“A project to document the city’s vernacular architecture has been on our minds for a long time.” After completing their studies in architecture, Caroline and Cyril Desroche published their first academic book on housing in Los Angeles. Then they moved there a few years later to join Frank Gehry’s prestigious agency.
From 2008 to 2012, in their spare time, they took more than 1,300 photos of their adopted city. This visual testimony, an openly subjective documentary, is being released this month by Éditions Poursuite under the title Los Angeles Standards: a reference work with an afterword by Frank Gehry.
The portrait of a city in 15 categories
Los Angeles Standards presents the city through 15 categories that are characteristic of the City of Angels. Mini-Malls, Billboards, Micro-architectures, Parking lots, Freeways, Streets, Styles, Stilt Houses, and more. The photos are classified by chapter and referenced according to their address.
Once the categories were established (there were more than thirty initially), the architects began collecting images during their daily outings. “We had notebooks in both of our cars, so as soon as we saw something that could be a photo, we would write down the address and the best time to shoot, depending on the orientation of the subject. Each note was then pinned on a huge wall map of the city. We then organized photo shoots on weekends or whenever we had some free time,” they explained.
Hence why seemingly secondary and ordinary buildings are featured in the book. Such is the case with micro-architectures, those small commercial buildings erected in the residual areas of parking lots. There we see small houses transformed into drive-throughs selling cigarettes, religious sculptures, coffee, or even tacos.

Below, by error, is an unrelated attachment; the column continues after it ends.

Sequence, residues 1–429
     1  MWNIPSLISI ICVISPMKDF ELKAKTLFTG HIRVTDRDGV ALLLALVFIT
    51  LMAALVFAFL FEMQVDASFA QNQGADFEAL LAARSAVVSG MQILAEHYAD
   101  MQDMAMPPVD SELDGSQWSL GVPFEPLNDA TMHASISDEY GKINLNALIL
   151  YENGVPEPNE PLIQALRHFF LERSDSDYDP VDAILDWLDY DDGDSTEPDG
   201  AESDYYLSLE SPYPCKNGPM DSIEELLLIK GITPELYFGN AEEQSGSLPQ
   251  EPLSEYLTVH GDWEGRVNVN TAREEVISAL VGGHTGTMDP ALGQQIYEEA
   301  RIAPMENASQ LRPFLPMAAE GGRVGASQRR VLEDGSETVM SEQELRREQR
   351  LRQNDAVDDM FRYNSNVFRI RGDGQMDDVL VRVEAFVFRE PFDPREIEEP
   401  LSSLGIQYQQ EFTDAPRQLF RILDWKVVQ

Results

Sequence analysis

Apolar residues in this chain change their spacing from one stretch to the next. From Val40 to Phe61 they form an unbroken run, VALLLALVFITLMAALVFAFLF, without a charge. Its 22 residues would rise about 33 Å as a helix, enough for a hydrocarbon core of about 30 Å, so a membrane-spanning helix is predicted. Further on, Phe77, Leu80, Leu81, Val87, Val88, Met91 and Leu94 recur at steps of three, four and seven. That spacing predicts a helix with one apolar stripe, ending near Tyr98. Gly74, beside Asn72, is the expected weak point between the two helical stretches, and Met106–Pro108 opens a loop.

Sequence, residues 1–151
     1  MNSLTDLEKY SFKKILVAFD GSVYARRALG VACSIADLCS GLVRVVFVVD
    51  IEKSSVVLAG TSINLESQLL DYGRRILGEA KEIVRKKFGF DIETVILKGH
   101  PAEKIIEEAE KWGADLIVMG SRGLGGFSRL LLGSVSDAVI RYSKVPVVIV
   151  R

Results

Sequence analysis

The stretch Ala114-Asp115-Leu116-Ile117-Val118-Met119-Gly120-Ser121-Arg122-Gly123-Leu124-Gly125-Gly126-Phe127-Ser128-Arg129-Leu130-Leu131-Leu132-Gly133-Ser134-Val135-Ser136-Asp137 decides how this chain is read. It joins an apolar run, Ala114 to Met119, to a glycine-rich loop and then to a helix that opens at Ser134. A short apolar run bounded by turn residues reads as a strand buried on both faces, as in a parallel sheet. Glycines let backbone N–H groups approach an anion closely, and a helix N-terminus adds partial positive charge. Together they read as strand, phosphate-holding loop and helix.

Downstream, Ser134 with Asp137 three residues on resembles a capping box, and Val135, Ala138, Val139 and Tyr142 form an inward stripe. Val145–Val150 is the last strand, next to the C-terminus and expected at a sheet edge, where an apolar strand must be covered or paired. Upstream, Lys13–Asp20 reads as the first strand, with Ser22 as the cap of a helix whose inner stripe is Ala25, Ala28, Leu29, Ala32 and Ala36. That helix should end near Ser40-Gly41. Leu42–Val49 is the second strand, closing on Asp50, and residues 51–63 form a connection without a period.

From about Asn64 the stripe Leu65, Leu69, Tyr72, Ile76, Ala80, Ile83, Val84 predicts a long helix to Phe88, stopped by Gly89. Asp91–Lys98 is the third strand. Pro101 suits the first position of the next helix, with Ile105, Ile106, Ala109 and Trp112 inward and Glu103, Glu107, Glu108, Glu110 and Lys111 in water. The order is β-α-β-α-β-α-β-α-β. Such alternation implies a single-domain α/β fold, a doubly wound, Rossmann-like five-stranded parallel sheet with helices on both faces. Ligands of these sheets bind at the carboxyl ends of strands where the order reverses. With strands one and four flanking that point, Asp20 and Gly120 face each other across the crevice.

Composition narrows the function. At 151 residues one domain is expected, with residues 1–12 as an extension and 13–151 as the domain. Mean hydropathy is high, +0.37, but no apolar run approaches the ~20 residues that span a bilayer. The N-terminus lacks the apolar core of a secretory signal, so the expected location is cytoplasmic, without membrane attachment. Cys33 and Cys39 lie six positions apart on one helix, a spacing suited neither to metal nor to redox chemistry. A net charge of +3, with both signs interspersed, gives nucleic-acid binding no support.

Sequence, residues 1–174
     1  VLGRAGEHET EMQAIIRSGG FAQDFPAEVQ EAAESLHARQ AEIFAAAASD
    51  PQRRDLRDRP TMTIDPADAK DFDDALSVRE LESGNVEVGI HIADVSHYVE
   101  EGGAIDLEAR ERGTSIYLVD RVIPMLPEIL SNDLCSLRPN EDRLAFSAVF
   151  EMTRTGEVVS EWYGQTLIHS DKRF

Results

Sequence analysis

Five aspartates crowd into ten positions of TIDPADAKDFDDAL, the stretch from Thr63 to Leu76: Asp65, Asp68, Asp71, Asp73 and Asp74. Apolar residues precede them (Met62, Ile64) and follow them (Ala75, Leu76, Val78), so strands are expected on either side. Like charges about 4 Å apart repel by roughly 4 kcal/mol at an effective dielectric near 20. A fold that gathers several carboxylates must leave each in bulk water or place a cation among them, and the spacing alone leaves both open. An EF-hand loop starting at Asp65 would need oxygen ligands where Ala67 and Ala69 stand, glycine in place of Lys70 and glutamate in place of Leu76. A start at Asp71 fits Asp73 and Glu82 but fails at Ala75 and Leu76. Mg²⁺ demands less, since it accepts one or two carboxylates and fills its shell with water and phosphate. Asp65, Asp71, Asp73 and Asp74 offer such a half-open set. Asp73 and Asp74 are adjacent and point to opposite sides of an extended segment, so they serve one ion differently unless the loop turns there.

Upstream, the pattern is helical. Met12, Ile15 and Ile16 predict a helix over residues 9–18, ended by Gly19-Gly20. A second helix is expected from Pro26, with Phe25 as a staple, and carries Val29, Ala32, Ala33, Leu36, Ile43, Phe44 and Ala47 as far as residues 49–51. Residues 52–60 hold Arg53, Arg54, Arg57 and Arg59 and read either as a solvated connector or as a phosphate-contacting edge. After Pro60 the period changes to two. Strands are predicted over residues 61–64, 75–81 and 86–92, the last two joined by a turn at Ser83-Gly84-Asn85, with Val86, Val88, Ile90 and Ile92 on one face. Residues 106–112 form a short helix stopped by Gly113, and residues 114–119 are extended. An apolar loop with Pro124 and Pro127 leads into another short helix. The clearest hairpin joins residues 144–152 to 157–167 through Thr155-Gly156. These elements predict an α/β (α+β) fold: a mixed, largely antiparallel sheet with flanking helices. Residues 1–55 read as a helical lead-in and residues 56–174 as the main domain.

An experimental laboratory for residential architecture
Los Angeles was a real experimental laboratory for 20th century residential architecture, which is very different than European trends. Naturally, Caroline and Cyril Desroches photographed the Stilt Houses, those houses on stilts from the 1940s to the 1960s that challenge the sloping topography of L.A., as well as the Stucco boxes, buildings reminiscent of Mexican adobe constructions.
They also document strange houses in their book that attempt to imitate medieval castles, Ancient Egypt, or the candy house from Hansel and Gretel, to varying degrees of success. Classified by the authors in the Styles category, they bear witness to the porosity between the sets of major film studios and residential architecture.
The significant formal diversity in residential architecture actually led the authors to put one house, which they photographed from two different angles, into two different categories. “One day we realized that two photos from two different categories, Styles and Stilt Houses, taken months apart, represented the same building from two different points of view. On the street side, on one level, we show a magnificent fortified castle with battlements and exposed stones. On the garden side, taken from another street below a hill, this same building is actually a house, built on vertiginous stilts, that seems to float in the void.”
Photography, the architect’s sketchbook
Beyond its documentary dimension, Los Angeles Standards examines the relationship between architecture and photography, or rather the architect’s relationship with photography. “Observation is part of our work; the architect looks at, analyzes and appropriates things. Therefore, photography is a catalyst for us, it functions like a sketchbook. We are not photographers, with all the technique that implies,” note the authors.
In the case of Billboards for example, those huge advertising panels suspended in the sky, it is the structure itself that particularly interested Caroline and Cyril Desroche, “the way it is anchored in the street, how it coexists with its environment, how you get up there, its architectural scale. ” These photographs of standards have built a visual heritage, which fuels their “architectural reflection.”
By Charlotte Jean